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The contemporary art auctions at Christie's and Sotheby's, scheduled for next week, are expected to be blockbusters. The art world is buzzing; for the first time ever, a contemporary painting — Mark Rothko's' "White Center" — will draw top dollar, besting any of the other impressionist works on the block.
What's driving the market in post-war art? You guessed it — hedge fund billionaires.
These people seem to have chosen contemporary art as the asset class, most coveted when it comes to covering their walls. Indeed, whether it's art, restaurants, pre-schools or Caribbean hideaways, many of the hedge fund mavens seem to think alike.
For mere mortals living in and around the hedges, in preferred zip codes of 10021 and 06831, this fact of life has already become a real bummer. Just try to secure a table at Per Se, dodge the chauffer-driven Escalades outside the 92nd Street Y, or buy the hottest handbag at the Saks on Greenwich Avenue and you'll get the idea.
Minor inconveniences to be sure — but if the New York Federal Reserve is correct, the "group think" among the hedge fund elite may have far more fallout than a run on luxury goods. This past week, in an unusual warning, the central bank waved a red flag about the growing risks in the $1.4 trillion hedge fund industry. In fact, Ben Bernanke, "the Fed," said the risks facing the financial system were the highest since the Long-Term Capital Management crisis of 1998.
What caught the Fed's eye was what it described as a rising correlation among hedge fund returns of late. In other words, a large number of funds seem to be going up and down by relatively the same amounts.
On the face of it, there should be nothing wrong with this — we've seen a similar phenomenon in the mutual fund industry for decades. What has the Fed nervous is that these correlated positions are pumped up by leverage — $17 trillion of it, give or take a few hundred billion.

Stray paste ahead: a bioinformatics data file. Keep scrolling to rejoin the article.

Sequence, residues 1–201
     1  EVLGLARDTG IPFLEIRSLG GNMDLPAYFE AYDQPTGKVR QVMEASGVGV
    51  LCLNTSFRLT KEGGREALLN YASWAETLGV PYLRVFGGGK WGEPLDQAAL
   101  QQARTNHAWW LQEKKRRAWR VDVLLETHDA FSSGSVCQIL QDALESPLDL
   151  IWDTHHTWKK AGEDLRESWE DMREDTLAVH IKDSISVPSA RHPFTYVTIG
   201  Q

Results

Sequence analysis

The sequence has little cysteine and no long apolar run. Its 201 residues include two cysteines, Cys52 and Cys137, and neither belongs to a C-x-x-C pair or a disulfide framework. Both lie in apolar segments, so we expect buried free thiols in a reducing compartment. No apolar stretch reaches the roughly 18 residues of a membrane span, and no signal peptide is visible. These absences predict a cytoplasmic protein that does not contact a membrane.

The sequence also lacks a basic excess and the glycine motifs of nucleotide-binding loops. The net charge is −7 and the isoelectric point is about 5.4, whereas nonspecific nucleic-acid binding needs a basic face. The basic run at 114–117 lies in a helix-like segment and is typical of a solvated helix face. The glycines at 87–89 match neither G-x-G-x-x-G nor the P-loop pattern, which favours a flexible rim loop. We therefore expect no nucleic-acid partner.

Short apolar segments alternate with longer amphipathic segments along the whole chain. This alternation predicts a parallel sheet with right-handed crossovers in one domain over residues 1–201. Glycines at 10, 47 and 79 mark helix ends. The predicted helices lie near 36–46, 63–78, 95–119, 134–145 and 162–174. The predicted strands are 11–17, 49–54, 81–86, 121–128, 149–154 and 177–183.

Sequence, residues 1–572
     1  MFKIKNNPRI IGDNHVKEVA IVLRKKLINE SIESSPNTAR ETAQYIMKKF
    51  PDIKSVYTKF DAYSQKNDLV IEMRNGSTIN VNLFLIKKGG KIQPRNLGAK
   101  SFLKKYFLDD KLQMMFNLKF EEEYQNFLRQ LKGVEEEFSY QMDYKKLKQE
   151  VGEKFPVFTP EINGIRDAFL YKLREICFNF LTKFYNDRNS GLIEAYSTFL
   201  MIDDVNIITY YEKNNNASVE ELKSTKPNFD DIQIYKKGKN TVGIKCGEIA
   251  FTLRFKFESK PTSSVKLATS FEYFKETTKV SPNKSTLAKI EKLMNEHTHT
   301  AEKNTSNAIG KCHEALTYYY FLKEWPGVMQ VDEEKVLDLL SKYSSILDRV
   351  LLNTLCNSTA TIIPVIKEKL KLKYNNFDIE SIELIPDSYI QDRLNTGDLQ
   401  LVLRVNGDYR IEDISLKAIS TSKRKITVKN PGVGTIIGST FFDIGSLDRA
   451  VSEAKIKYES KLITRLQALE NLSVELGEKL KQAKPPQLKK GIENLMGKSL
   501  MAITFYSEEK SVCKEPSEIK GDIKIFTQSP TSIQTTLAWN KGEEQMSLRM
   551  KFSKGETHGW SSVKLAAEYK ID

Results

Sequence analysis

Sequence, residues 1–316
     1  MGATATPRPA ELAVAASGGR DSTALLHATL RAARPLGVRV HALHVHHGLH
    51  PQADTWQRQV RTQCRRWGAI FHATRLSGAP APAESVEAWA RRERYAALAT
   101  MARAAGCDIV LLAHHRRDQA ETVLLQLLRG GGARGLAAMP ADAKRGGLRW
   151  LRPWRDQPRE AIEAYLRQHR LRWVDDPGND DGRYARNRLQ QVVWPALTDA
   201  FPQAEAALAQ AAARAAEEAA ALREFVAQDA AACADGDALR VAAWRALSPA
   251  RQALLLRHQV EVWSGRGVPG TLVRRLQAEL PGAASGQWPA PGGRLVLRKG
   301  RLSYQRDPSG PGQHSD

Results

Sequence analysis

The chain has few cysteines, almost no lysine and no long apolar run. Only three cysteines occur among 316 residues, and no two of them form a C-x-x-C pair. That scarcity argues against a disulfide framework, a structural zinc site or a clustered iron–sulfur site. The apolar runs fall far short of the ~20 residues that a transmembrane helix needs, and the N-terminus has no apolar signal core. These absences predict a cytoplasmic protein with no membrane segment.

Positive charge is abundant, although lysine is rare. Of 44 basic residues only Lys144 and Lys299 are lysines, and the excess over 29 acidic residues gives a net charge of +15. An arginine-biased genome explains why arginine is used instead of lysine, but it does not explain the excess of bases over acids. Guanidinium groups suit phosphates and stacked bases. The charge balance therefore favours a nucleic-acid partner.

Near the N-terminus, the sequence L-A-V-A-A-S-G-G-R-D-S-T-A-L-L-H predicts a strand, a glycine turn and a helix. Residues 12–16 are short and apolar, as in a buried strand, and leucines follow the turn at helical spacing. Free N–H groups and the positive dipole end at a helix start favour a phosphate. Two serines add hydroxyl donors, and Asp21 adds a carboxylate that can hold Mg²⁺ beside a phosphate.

"Similar trading strategies can heighten risk when funds have to close out comparable positions in response to a common shock," the Fed warned.
In fact, the ink was barely dry on the Fed's hedge fund warning when UBS, the biggest money manager in the world, announced that it was forced to shutter its hedge fund at a cost of more than $300 million, due to staggering losses in the sub-prime mortgage market. How so many supposedly smart people were socked by sub-prime seems to re-enforce the Fed's hunch that the "group think" in hedge fund land could be a real problem.
Of course the hedge fund industry denies such speculation and points to a long history of solid returns with just a few blow-ups. But if the Fed is right, the propensity of many hedges to invest, live and spend alike could be a lot more painful for the rest of us than not getting a good table at the Waverly Inn.
Terry Keenan is anchor of Cashin’ In and is a FOX News Channel business correspondent. Tune in to Cashin' In on Saturdays at 11:30am and find out what you need to know to make your money grow and keep what you already have!